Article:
@tech4people: very good question; I personal believe the sense of automation is in principal related to the way for allowing humans to do better and simpler their jobs; it is true, we have assisted also to the "replacement" of humans, but I feel it should be also a good point, especially for helping people in avoiding critical and dangerous conditions at work.
@tech4: I agree that manufacturing does not equal jobs. I think that is part of the problem in the US. People believe that massive assembly lines will just reappear. It is also true that much manufacturing is automated, so outside of operational jobs the demand for labor just isn't there. China, somewhat to its credit, still employs humans to do a lot of the work. There is the possibility, however, that factories may not keep up with innovation if they continue to do a lot of assembly by hand. I don't have enough insight in China to predict that one...
I don't think I implied that at all. Rather, the people complaining most loudly about China need to back off, or at least pick their battles. Manufacturing Olympic uniforms in the US is a good PR move but it certainly isn't going to change the economy. China's dominance in manufacturing is a given and complaining about it isn't going to chnage anything. That said, this is a good example of how public pressure can influence decisions.
These countries have very little by way of Energy resources so the only way for them to compete in Global markets is to devalue their currencies and so force Inflation down the throats of the General Population there.
However,that sceanario is no now coming to an end as the Workers there are no longer happy with extremely low wages there.If you have to pay them much-much higher wages then their attractiveness as a captive workforce declines which means you will going ahead see a lot more production moving back to the US.
Its there even in China,but China is ahead of the curve here.
I really like it when public pressure does bring about results. Of course, I only like it when it brings about the results I agree with...but I'll take small, incremental victories where I can get 'em.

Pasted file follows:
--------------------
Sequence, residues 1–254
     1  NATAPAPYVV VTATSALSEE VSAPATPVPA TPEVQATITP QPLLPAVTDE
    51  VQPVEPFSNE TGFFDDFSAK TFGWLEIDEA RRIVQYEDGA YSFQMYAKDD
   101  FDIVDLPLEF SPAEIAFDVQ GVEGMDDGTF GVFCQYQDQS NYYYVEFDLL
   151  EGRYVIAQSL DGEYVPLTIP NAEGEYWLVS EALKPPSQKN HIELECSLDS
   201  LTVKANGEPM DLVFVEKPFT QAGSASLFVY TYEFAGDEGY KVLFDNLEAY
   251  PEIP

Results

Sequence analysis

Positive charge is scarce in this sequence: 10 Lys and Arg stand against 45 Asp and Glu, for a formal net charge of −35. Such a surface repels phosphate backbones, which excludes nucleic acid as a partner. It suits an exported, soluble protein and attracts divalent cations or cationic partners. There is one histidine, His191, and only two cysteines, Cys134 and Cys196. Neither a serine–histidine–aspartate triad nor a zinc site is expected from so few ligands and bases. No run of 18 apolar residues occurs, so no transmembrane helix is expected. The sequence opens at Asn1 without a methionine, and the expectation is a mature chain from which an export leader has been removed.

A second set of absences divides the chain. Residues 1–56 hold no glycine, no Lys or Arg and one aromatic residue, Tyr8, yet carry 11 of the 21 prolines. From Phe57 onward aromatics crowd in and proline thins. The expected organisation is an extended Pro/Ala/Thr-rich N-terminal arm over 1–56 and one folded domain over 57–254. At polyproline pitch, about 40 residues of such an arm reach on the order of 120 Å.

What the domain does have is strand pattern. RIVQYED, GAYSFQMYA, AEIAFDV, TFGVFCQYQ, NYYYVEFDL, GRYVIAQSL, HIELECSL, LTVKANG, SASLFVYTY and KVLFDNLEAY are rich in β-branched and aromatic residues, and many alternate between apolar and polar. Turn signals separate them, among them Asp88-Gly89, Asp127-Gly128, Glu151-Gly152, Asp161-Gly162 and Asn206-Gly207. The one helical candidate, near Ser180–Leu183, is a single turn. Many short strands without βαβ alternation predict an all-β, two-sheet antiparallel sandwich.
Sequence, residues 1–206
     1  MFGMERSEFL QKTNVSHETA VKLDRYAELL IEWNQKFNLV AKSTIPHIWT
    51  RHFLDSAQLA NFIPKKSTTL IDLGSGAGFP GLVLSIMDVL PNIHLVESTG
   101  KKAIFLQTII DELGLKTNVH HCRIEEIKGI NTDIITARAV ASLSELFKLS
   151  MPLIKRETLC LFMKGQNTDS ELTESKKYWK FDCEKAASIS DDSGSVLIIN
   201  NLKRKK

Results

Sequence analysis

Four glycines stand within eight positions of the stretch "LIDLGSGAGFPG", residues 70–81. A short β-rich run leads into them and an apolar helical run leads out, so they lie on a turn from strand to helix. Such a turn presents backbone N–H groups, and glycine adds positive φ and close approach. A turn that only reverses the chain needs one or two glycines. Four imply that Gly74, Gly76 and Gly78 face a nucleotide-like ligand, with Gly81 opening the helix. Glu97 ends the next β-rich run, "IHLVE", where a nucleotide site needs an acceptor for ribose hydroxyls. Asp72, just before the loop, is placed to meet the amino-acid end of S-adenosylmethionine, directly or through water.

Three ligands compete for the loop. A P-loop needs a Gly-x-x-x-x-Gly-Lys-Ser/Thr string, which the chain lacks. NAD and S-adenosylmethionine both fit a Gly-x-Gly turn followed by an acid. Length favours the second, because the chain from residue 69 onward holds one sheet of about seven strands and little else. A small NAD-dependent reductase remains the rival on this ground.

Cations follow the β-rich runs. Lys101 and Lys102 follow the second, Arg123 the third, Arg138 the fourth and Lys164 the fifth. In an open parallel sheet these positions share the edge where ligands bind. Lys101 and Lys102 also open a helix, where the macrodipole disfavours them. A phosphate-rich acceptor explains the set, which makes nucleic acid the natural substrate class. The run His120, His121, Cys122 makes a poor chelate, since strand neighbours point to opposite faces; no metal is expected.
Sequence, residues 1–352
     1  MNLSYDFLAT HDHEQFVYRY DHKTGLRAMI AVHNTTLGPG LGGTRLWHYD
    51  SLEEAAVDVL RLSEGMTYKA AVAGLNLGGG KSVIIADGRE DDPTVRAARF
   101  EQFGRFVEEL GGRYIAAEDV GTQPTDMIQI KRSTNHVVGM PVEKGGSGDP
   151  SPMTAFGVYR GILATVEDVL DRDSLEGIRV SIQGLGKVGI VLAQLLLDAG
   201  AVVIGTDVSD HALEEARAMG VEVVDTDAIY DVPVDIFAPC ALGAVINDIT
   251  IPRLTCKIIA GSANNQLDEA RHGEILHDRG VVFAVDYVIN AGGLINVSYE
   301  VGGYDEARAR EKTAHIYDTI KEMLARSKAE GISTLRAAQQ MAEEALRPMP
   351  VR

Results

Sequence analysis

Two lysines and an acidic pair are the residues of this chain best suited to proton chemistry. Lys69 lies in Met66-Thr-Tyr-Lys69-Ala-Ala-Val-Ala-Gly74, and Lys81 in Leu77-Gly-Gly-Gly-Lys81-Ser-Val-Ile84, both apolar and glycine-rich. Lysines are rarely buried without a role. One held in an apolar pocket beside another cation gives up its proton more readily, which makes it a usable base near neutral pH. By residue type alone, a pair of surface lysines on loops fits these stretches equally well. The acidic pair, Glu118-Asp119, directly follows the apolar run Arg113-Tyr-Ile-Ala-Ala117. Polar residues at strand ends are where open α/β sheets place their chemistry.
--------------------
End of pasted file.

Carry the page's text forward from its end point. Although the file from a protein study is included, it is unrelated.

EBN Dialogue enables and encourages you to participate in live chats with notable leaders and luminaries. Not only editors and journalists, but the entire EBN community is able to comment and ask questions. Listed below are upcoming and archived chats.
Thailand Stages a Comeback Join EBN contributor Jennifer Baljko on Thursday August 23, 2012, at 11:00 a.m. EST for a live chat on how electronic manufacturers in Thailand have shored up their supply chain to reduce the impact of future natural disasters.
Microsoft Surface: Potential Winners & Losers What are the implications for the electronics industry supply chain of Microsoft Corp.'s decision to launch its own tablet PC? Join industry veteran and EE Times' systems and OEM expert Rick Merritt on Tuesday, July 3, at 12:00 pm EDT for a Live Chat on this subject.
Join EBN contributor Jennifer Baljko on Thursday August 23, 2012, at 11:00 a.m. EST for a live chat on how electronic manufacturers in Thailand have shored up their supply chain to reduce the impact of future natural disasters.
Peter Drucker famously said "Trying to predict the future is like trying to drive down a country road at night with no lights while looking out the back window." Yet in the razor's-edge world of electronics—with a lean supply chain and just-in-time demands—the need to know the future is vital.
While no one really can accurately predict the future, we can take guidance from another Drucker saying which is the best way to predict the future is to create it.
You've heard the saying "the No. 1 supply chain risk is your people." That hasn't always been the case. But today's complex global supply chain requires a new type of multitalented employee. It's one who understands, finance, marketing, economics, is savvy with technology, graceful with relationships and can think analytically.
Where are these people? Are universities properly preparing the next generation supply chain professionals? How do train your existing workforce for these new, demanding positions?
Brian Fuller, editor-in-chief of EBN, will lead a 60-minute Avnet Velocity panel discussion that will ask and answer these and other questions swirling around today's supply-chain talent challenges.